A Montana Department of Transportation traffic study recommends about a half-dozen changes to make pedestrians crossing Montana Avenue safer, but some business owners and managers told transportation officials Thursday they don’t believe the recommendations go far enough.
A Montana Avenue traffic and safety study conducted last fall between North 27th and North 18th streets indicates a jaywalking rate of about 60 percent. Eighty-five percent of drivers go 31 miles per hour in the corridor’s 25-miles-per-hour zone and 38 miles per hour in the 35-mph area closer to N. 18th Street.
The average annual daily traffic count was about 13,000 on the east side of the corridor and about 9,000 on the west side.
Motorists were observed during the study “weaving” in traffic, presumably searching for a parking spot. Traffic “seldom” yields to pedestrians, even for pedestrians waiting at a crosswalk.
Motorists underutilize the right-hand lane on the south side of Montana Avenue. Less than 20 percent of drivers use that lane, because the lane drops out at N. 21st Street. About half the drivers employ the middle lane.
Seventy-seven crashes — none of them fatal — were reported between 2010 and 2014. Thirty were side swipes and 17 were rear-end crashes. Most crashes occurred along the corridor’s western end.
Two crashes involved pedestrians, and one was a vehicle striking a bicyclist.
Recommendations for making the corridor safer include:
- Installing an overhead flashing beacon at the pedestrian crossing at North 25th Street.
- Replacing red concrete pedestrian crossings with asphalt and high-visibility pavement markings.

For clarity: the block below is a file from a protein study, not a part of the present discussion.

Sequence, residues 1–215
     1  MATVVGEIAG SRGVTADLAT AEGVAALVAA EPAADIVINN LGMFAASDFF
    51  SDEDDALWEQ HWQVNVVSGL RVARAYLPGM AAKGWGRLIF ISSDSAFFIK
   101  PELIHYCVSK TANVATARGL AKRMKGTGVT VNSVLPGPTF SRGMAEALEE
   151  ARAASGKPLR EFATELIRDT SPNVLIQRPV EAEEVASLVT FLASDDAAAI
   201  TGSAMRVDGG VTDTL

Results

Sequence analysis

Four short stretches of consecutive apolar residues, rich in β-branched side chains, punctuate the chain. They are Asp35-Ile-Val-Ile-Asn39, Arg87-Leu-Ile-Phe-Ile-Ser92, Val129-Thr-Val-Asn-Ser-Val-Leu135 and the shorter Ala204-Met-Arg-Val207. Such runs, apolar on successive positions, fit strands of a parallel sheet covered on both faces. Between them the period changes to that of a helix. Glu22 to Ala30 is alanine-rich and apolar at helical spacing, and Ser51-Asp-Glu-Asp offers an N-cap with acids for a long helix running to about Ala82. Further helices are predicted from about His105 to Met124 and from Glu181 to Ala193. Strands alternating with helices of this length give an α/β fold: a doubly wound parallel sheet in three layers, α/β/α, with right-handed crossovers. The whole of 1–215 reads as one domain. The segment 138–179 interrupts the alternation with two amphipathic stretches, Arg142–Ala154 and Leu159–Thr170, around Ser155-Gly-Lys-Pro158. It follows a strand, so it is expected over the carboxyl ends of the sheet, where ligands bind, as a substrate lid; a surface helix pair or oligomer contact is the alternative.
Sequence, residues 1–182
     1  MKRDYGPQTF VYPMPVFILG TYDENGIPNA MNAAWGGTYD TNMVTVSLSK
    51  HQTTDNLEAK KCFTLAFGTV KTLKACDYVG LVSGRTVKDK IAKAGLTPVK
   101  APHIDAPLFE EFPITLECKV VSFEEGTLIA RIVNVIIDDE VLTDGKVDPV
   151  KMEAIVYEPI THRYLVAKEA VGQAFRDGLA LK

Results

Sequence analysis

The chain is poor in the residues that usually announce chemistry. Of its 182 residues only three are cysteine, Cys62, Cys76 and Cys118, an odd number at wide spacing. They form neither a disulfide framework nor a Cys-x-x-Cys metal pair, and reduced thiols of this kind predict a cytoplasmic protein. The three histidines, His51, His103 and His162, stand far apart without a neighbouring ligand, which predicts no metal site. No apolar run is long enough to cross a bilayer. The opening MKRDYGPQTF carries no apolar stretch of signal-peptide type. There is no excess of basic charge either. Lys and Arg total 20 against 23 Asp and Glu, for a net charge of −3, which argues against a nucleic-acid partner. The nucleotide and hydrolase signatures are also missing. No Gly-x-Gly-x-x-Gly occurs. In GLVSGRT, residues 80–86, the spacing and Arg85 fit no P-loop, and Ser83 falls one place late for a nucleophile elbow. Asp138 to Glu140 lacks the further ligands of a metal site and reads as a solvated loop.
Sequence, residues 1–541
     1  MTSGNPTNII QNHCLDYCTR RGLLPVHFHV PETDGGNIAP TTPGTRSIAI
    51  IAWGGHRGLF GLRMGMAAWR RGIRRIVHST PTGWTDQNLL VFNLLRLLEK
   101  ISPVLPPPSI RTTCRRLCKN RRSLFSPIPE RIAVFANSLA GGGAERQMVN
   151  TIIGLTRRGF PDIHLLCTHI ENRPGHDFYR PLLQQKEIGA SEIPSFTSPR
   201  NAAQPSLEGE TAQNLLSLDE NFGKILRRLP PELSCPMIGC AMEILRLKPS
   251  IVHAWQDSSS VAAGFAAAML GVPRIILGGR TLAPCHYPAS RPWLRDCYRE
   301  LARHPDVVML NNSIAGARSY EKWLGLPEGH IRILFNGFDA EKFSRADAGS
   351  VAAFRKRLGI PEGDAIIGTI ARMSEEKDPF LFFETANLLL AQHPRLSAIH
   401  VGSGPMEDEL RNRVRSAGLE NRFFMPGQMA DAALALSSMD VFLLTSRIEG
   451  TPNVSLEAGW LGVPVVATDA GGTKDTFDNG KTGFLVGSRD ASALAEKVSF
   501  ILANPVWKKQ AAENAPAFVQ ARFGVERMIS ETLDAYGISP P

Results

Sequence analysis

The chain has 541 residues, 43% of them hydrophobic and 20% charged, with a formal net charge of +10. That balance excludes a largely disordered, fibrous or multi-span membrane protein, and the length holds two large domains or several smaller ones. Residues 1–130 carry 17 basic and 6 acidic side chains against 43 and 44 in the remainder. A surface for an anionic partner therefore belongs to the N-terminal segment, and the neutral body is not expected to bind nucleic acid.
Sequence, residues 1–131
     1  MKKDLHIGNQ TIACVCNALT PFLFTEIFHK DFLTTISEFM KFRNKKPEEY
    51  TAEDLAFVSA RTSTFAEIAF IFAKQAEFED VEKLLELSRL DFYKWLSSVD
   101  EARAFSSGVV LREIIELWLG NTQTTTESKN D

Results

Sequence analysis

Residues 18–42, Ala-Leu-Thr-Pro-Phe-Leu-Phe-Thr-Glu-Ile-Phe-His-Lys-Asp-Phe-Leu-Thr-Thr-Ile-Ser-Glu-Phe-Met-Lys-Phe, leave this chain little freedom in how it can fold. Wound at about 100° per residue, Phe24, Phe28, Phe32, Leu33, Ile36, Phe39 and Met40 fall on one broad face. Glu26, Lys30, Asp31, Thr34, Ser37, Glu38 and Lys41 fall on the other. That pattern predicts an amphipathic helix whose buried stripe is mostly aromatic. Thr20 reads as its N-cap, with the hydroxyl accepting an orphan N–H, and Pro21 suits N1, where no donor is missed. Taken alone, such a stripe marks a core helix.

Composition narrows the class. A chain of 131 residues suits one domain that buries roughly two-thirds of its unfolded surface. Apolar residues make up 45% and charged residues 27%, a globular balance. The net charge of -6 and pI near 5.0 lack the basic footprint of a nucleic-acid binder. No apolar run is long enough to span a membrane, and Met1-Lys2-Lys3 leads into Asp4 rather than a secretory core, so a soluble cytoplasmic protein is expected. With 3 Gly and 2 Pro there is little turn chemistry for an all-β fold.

- Modifying the planter box at North 26th Street because it blocks pedestrians’ view.
- Eliminating the easternmost crossing at North 24th Street, the one that's used the least.
- Making signs more visible by trimming trees, the responsibility of the Billings Parks, Recreation and Public Lands Department.
- Adding signage and lane control striping to indicate that the right lane is eliminated at North 21st Street.
- Adding signage at pedestrian crossings.
The estimated cost to implement those recommendations is $171,000. A potential additional recommendation, one not included in the cost estimate, is to install raised crossings — in essence, 22-feet-long speed bumps known as speed tables — at some of the crosswalks.
Jennifer Mercer, executive director of the Billings Depot, where Thursday’s meeting was attended by about 40 people, called the speed data presented “wildly inaccurate.” When she asked those in attendance if they’ve observed speeders exceeding 40 miles per hour in the corridor, nearly every hand went up.
“The lack of pedestrian safety and a huge parking problem are inhibiting business growth,” Mercer said.
Danielle Bolan, an MDT traffic operations engineer, said she has “a lot of confidence in the speed data we collected.” She noted the study focuses on the 85 percent who comply with speed limits or exceed them only slightly — not the 15 percent that may be more memorable in people’s minds because they are contributing to the corridor’s nickname, the Montana Avenue Speedway.
Randy Hafer said he was pleased to have new data available for the corridor, “but a number of other issues are not addressed,” including the possibility of adding diagonal parking by eliminating Montana Avenue's right-hand lane.
Stefan Streeter, MDT’s regional administrator, said the lane removal could have “dramatic effects” on both the Montana Avenue and 27th Street corridors, both of which are managed by MDT.
“We may have to study all of downtown traffic before we can make a change like that,” he said. “It is a big network.”
Some improvements can have unintended consequences. Roy Peterson, MDT’s traffic and safety bureau chief, recalled adding flashing red lights to a stop sign in Butte.
“Boy, did we hear about that one,” he said. “At night it lit up the whole corridor. People said it looked like a brothel.”
He said adding new Montana Avenue safety features “isn’t going to happen next month. We have to get some funding identified.”
But the safety features being discussed “will bring attention to drivers that there are businesses and pedestrians here," he said.